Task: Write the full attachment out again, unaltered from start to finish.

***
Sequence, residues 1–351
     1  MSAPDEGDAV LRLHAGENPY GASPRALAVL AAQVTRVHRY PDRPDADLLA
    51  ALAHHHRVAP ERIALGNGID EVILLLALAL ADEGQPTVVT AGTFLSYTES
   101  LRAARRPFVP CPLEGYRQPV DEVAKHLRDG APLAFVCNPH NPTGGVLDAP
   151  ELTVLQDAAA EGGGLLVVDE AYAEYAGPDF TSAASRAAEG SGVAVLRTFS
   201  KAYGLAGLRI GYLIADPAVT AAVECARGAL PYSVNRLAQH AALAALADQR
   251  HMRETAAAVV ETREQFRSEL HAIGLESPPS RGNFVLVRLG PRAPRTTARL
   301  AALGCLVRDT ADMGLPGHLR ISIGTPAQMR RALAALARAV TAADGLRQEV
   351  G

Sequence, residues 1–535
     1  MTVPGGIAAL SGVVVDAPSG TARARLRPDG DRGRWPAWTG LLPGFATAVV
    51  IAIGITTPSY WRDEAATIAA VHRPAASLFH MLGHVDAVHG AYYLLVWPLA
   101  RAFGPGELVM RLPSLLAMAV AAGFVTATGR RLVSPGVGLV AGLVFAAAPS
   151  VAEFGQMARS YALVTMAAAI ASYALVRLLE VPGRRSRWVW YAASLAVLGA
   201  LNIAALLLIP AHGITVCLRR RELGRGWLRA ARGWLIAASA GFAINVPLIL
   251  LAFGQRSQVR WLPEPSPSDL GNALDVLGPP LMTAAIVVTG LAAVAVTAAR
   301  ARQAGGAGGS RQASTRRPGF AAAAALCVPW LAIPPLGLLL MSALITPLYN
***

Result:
Sequence, residues 1–351
     1  MSAPDEGDAV LRLHAGENPY GASPRALAVL AAQVTRVHRY PDRPDADLLA
    51  ALAHHHRVAP ERIALGNGID EVILLLALAL ADEGQPTVVT AGTFLSYTES
   101  LRAARRPFVP CPLEGYRQPV DEVAKHLRDG APLAFVCNPH NPTGGVLDAP
   151  ELTVLQDAAA EGGGLLVVDE AYAEYAGPDF TSAASRAAEG SGVAVLRTFS
   201  KAYGLAGLRI GYLIADPAVT AAVECARGAL PYSVNRLAQH AALAALADQR
   251  HMRETAAAVV ETREQFRSEL HAIGLESPPS RGNFVLVRLG PRAPRTTARL
   301  AALGCLVRDT ADMGLPGHLR ISIGTPAQMR RALAALARAV TAADGLRQEV
   351  G

Sequence, residues 1–535
     1  MTVPGGIAAL SGVVVDAPSG TARARLRPDG DRGRWPAWTG LLPGFATAVV
    51  IAIGITTPSY WRDEAATIAA VHRPAASLFH MLGHVDAVHG AYYLLVWPLA
   101  RAFGPGELVM RLPSLLAMAV AAGFVTATGR RLVSPGVGLV AGLVFAAAPS
   151  VAEFGQMARS YALVTMAAAI ASYALVRLLE VPGRRSRWVW YAASLAVLGA
   201  LNIAALLLIP AHGITVCLRR RELGRGWLRA ARGWLIAASA GFAINVPLIL
   251  LAFGQRSQVR WLPEPSPSDL GNALDVLGPP LMTAAIVVTG LAAVAVTAAR
   301  ARQAGGAGGS RQASTRRPGF AAAAALCVPW LAIPPLGLLL MSALITPLYN